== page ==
Ken Harrison e-mailed this regarding the aflatoxin remark I touched on yesterday.
I noticed the Aflatoxin wars in Illinois growing more heated as the grain merchants/processors are in conflict with the farmer and then the crop insurance/taxpayer has another view. I thought the following was interesting as a work around. Not sure it solves the variability of the test but it does resolve some conflict. The consumer deserves a food policy that provides abundant safe food.
Here is link to article about how TX jointly solved aflatoxin issues/conflict between processor, insurance and farmer.
Here is excerpt from the article:
“The solution is the One Sample Strategy, a voluntary aflatoxin risk management program administered by the Office of the Texas State Chemist and approved by RMA,” Herrman said. “The program provides a mechanism to standardize sampling and testing equipment and methods to achieve less variable results.”
Participating grain elevator employees are trained and approved as Office of the State Chemist designees to perform standardized sampling and testing procedures defined by USDA and the Office of the Texas State Chemist. Testing accuracy is maintained through monitoring and program oversight by state chemist field investigators.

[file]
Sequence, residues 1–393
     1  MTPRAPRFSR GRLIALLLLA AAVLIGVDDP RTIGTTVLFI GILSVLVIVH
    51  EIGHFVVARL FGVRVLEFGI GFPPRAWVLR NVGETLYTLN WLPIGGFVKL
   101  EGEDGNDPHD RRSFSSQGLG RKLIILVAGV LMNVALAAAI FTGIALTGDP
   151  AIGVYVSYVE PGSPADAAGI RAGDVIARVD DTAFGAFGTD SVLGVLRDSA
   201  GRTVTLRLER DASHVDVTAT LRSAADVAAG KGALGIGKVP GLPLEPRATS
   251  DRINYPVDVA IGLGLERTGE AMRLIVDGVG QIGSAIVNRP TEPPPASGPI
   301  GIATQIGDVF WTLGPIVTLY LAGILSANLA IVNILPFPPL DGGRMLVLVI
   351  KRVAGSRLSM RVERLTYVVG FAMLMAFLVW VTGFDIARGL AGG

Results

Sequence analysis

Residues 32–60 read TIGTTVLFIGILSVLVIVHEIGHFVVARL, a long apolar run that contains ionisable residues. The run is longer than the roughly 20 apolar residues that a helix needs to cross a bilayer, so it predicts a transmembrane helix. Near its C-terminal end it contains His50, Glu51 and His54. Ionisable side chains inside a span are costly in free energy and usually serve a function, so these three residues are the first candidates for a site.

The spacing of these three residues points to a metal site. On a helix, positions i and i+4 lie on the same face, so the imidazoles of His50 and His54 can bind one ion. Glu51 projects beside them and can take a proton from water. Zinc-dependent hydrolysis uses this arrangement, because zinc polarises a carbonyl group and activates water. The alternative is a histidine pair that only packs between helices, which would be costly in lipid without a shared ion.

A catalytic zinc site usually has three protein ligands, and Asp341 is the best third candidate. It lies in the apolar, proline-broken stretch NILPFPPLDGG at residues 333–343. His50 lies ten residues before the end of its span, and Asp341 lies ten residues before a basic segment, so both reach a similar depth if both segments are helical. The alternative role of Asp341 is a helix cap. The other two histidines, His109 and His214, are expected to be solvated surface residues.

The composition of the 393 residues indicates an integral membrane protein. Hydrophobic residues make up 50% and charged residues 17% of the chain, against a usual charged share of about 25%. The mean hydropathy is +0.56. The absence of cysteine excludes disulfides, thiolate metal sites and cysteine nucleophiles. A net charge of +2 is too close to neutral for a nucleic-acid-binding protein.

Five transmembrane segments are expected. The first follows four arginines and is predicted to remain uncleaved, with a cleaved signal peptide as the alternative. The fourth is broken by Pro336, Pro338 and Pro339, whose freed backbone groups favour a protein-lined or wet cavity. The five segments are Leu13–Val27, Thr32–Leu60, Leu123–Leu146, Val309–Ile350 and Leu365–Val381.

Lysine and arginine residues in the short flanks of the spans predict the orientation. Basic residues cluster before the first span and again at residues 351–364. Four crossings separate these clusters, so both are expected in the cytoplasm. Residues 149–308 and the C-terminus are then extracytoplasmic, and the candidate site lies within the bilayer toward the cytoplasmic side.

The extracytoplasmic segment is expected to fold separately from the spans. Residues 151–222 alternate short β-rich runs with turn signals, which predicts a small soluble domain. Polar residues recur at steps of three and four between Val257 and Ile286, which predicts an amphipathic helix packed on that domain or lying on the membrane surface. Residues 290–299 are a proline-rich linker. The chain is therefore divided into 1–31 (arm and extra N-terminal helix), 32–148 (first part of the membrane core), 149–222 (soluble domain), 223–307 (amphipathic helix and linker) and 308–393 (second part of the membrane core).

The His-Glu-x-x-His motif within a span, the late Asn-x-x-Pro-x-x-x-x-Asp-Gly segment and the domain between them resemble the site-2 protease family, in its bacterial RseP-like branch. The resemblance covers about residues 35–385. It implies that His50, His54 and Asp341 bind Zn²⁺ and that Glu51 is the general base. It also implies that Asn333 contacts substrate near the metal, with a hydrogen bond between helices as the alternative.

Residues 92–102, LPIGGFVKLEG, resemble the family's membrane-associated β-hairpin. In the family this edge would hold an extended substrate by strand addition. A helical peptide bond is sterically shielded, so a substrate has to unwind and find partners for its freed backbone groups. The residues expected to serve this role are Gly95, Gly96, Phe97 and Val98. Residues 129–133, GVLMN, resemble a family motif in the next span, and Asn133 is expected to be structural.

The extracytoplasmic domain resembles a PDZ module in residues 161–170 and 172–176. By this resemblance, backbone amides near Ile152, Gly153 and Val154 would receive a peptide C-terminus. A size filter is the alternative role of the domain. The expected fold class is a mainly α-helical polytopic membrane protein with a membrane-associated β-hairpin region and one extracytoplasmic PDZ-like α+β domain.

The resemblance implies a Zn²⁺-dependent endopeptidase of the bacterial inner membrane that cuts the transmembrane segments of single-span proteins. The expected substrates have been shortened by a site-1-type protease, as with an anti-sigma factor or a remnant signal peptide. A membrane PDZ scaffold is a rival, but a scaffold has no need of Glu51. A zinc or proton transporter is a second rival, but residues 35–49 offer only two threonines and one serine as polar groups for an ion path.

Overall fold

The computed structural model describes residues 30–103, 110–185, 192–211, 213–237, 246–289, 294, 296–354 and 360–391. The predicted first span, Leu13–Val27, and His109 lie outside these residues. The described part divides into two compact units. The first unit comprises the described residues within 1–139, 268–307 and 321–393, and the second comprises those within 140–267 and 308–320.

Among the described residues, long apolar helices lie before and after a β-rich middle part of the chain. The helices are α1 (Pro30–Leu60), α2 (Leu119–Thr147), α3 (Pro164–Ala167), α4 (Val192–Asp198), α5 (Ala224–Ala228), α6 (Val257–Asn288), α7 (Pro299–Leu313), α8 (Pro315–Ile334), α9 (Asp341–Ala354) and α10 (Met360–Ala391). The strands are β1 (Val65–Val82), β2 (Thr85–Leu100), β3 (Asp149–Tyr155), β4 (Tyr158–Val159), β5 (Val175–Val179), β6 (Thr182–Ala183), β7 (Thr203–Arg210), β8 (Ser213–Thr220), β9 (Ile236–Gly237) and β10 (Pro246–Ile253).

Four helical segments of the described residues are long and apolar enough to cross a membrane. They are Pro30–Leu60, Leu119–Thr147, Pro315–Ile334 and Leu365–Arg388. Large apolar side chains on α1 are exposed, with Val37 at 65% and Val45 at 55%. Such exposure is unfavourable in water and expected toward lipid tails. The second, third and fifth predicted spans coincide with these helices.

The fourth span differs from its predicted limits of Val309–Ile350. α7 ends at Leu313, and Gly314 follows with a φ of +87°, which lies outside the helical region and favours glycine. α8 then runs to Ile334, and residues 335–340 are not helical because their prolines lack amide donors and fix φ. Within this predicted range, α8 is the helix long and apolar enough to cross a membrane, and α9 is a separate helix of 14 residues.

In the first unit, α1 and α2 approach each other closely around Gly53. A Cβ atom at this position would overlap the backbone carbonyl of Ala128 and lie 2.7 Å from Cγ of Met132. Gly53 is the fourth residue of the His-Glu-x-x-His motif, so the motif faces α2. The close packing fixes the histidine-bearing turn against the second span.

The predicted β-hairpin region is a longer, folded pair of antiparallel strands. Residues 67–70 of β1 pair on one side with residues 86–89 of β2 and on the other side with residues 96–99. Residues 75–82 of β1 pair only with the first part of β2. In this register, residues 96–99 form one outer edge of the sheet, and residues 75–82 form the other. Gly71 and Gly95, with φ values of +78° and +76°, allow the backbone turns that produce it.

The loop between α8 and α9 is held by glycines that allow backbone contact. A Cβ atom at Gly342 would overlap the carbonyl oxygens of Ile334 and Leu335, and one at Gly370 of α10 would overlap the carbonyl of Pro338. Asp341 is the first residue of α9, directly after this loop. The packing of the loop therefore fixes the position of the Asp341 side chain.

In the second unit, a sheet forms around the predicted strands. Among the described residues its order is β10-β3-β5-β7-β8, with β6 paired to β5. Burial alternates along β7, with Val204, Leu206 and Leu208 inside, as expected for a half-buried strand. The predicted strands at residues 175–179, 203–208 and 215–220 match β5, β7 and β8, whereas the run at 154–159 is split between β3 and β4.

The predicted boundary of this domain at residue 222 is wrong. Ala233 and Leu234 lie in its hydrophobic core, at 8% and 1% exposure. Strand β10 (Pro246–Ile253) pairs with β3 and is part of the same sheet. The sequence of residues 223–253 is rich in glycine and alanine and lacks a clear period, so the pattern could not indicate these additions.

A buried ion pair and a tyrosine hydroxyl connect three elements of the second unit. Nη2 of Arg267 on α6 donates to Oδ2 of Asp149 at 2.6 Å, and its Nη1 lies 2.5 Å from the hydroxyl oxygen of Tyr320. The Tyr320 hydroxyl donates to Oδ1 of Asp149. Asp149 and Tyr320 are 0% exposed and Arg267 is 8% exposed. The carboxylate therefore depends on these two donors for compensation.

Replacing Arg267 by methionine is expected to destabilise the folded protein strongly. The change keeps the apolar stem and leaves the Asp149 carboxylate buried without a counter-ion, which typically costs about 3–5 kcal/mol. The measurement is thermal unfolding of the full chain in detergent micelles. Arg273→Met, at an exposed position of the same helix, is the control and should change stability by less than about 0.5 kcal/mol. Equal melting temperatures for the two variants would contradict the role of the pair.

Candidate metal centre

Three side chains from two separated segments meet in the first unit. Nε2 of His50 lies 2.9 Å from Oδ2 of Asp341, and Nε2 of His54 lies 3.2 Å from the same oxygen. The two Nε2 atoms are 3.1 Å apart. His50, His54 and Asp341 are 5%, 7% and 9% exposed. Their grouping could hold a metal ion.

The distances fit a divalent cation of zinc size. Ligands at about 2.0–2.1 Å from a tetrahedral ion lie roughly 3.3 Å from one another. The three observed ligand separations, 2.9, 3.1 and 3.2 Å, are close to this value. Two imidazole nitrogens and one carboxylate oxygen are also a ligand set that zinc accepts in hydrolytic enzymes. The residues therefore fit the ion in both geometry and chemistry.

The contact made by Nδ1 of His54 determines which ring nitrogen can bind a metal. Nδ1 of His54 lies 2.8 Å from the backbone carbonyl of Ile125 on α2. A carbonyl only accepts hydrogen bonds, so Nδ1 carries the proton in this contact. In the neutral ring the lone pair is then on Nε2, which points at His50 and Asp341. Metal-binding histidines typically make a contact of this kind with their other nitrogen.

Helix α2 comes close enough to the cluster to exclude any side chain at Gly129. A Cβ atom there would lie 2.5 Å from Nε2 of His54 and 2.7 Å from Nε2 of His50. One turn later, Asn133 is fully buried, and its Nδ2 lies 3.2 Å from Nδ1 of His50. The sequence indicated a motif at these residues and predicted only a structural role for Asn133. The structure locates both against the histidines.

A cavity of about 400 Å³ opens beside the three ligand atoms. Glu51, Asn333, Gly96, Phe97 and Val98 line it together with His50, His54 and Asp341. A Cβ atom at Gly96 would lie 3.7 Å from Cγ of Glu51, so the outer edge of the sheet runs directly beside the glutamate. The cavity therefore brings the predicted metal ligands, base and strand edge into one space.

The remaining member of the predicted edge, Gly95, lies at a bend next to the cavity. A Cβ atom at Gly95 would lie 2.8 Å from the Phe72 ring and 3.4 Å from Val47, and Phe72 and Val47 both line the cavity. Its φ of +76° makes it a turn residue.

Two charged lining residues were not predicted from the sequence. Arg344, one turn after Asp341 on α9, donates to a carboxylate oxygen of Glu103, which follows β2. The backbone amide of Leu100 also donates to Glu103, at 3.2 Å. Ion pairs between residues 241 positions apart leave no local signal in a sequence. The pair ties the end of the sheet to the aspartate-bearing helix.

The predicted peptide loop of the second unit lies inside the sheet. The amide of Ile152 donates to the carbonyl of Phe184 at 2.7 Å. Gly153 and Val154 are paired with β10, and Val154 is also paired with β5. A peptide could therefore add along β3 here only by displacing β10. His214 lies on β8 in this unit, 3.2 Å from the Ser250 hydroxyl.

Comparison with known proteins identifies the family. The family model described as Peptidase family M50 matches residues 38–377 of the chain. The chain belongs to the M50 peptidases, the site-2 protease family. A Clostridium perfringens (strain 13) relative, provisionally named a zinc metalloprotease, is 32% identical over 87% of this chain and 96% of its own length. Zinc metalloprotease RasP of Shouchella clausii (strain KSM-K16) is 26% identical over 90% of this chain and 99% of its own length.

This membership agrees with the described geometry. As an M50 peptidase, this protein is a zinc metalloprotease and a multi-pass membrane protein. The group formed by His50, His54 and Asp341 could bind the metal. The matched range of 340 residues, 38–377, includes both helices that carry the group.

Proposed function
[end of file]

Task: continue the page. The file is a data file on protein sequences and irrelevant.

“The official test results are reported by the OTSC designees, issued by the elevator on an OTSC Certificate of Analysis and shared with RMA,” Herrman said. “One sample is taken from a truckload of corn and used by all stakeholders to inform purchasing, insurance and regulatory risk management decisions.”
From the perspective of producers and insurers, Jones said, it has standardized the testing process and helped reduce uncertainty.”
He said the time invested in testing pays off when a reliable test result is used to determine the true quality of the corn for sale. This allows a faster and more accurate assessment of lost revenue is readily available for crop insurance claims. Ultimately, the program creates a fair playing field for producers and elevators.
“Everyone’s corn can be tested the same way and we can all do a better job of protecting consumers and the health of the Texas grain industry,” Herrman said.
To find a participating elevator in your area or learn more about becoming approved for the program, visit the One Sample Strategy Web site at http://otscweb.tamu.edu/risk/OneSample.
More news from: Texas A&M University
Unfortunately, this strikes me as excellent help for our next major drought.